Living with Dyspnea–How to breathe easier
Dyspnea (pronounced disp–NEE–uh)
is a medical term for difficult or labored
breathing. Having dyspnea can be hard
to live with. You may get short of breath
during daily activities and become anx-
ious when your breathing changes.
Medications may help, and to get the
most benefit you should take them
exactly as your health care team
Pulmonary exercises for dyspnea
should be individualized for each
person. Experts such as respiratory
therapists, physical therapists, respira-
tory nurses, and pulmonary specialist
physicians work with individual patients
with these exercises.
Your respiratory experts may recom-
mend ways to help you breathe and
manage dyspnea. These include
pursed-lip breathing, positioning,
paced breathing, and desensitization.
This may seem awkward at first, but it
eases labored breathing.
1. Breathe in through your mouth or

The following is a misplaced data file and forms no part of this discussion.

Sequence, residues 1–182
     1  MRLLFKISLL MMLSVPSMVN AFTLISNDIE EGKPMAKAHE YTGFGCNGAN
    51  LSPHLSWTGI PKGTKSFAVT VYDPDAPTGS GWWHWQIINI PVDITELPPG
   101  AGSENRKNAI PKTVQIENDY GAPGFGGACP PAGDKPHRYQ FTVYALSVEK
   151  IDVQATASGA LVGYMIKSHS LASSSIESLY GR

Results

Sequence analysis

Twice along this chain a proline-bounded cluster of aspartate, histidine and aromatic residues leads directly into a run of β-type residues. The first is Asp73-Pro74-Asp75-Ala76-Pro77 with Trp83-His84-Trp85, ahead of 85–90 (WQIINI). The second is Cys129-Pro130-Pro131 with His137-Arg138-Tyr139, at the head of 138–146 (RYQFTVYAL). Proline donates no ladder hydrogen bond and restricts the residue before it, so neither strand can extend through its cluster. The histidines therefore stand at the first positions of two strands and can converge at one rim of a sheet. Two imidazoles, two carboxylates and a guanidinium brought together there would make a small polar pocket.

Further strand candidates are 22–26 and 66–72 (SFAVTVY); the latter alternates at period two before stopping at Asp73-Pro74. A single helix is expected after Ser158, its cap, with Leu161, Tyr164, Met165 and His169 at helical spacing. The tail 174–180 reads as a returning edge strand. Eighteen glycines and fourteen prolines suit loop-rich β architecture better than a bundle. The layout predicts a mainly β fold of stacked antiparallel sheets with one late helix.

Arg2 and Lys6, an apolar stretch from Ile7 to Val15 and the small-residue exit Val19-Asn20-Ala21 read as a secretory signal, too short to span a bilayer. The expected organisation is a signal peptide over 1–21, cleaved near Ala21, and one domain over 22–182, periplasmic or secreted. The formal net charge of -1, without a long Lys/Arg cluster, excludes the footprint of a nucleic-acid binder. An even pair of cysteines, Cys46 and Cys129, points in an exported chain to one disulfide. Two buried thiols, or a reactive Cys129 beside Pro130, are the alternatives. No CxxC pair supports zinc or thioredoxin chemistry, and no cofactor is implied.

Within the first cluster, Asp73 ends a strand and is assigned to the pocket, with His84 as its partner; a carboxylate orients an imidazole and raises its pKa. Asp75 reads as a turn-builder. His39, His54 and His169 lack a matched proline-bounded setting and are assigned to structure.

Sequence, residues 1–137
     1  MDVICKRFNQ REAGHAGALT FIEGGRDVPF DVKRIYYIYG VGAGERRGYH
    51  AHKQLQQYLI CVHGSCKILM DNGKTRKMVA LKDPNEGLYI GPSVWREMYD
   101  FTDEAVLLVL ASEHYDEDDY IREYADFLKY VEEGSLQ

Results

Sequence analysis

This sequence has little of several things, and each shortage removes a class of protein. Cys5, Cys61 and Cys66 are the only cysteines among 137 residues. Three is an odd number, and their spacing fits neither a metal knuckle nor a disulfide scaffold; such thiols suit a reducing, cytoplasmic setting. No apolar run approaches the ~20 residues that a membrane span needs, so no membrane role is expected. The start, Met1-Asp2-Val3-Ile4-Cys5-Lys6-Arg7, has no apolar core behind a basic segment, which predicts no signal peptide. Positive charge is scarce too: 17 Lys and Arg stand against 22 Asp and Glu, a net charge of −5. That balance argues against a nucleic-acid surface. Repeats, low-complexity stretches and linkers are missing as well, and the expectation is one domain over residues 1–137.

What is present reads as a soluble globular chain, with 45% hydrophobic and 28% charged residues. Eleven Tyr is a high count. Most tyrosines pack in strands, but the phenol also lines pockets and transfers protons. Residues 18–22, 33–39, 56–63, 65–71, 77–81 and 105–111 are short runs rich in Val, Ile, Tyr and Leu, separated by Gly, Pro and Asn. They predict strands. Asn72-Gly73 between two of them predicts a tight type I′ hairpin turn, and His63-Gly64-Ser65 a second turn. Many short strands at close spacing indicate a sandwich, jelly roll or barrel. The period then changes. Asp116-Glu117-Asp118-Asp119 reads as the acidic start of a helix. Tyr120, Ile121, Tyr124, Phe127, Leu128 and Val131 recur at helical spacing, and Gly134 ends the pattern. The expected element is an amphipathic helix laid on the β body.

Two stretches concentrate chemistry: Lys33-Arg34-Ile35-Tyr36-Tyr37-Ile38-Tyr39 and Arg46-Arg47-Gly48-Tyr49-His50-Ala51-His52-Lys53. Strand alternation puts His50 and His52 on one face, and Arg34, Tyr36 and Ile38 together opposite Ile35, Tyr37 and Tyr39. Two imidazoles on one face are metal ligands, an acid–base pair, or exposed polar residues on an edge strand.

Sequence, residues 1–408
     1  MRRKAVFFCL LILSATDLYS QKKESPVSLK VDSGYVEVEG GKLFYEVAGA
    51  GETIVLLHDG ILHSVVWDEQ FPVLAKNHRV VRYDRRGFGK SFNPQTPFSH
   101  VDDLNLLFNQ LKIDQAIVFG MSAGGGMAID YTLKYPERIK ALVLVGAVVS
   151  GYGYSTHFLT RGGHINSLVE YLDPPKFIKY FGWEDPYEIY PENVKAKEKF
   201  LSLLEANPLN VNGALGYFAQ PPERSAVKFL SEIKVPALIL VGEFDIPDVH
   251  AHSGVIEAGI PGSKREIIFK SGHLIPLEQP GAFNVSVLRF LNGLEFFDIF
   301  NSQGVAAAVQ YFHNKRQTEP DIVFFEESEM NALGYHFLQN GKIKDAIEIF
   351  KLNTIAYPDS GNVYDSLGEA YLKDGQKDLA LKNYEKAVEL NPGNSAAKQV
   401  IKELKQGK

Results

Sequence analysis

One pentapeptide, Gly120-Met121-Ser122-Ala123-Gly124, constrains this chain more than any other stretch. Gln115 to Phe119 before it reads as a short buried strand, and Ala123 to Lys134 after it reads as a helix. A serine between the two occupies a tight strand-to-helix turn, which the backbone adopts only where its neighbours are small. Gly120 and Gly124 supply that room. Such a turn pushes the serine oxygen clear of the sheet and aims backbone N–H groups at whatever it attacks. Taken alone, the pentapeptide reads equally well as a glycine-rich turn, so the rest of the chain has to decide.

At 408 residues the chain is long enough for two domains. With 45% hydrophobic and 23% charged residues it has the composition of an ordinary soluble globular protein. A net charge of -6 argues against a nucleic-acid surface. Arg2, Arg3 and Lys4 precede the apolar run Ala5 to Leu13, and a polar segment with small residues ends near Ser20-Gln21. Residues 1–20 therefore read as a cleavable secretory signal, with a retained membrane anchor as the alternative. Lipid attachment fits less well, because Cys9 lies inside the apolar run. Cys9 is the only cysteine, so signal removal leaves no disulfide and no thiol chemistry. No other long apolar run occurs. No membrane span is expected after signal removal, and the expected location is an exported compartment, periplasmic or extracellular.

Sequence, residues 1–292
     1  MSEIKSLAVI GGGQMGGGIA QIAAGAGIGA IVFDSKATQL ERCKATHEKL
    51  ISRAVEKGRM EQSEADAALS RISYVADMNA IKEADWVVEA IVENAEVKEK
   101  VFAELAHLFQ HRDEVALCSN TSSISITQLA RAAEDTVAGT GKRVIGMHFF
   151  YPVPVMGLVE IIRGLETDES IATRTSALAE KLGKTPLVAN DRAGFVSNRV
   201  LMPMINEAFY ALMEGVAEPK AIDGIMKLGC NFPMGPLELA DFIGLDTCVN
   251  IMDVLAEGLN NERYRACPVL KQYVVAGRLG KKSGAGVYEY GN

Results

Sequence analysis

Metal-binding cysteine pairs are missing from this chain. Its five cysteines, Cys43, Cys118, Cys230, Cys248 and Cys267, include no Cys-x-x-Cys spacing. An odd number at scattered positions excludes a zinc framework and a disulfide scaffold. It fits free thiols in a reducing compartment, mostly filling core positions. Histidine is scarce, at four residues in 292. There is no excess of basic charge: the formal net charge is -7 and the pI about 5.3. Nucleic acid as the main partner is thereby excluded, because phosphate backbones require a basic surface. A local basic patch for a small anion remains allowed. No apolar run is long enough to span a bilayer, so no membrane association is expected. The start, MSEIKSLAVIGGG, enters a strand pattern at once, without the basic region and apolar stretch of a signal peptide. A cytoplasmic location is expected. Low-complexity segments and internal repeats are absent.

2. Purse your lips together (as if you
were whistling). Then, breathe out.
Try to breathe out until all the air is
gone. One way to do this is to take
twice as long to breathe out as you
breathe in. For example, count
“one…two,” as you breathe in. Purse
your lips, then count “one…two…
three…four,” as you breathe out.
When your muscles are relaxed,
breathing is easier. Positioning helps
when you get short of breath while
doing something, such as climbing
1. Rest against the wall and lean
forward with your hands on your
thighs. This position relaxes your
chest and shoulders, freeing them
to help you breathe. Use pursed-lip
2. If you can, sit down with your arms
resting on your legs. Continue to do
If you find it hard to relax your muscles,
ask your nurse to show you other ways
to do this. Other body positions may
also work for you. Try them until you
find the best one.
Paced breathing prevents or decreases
shortness of breath when you walk or
lift light object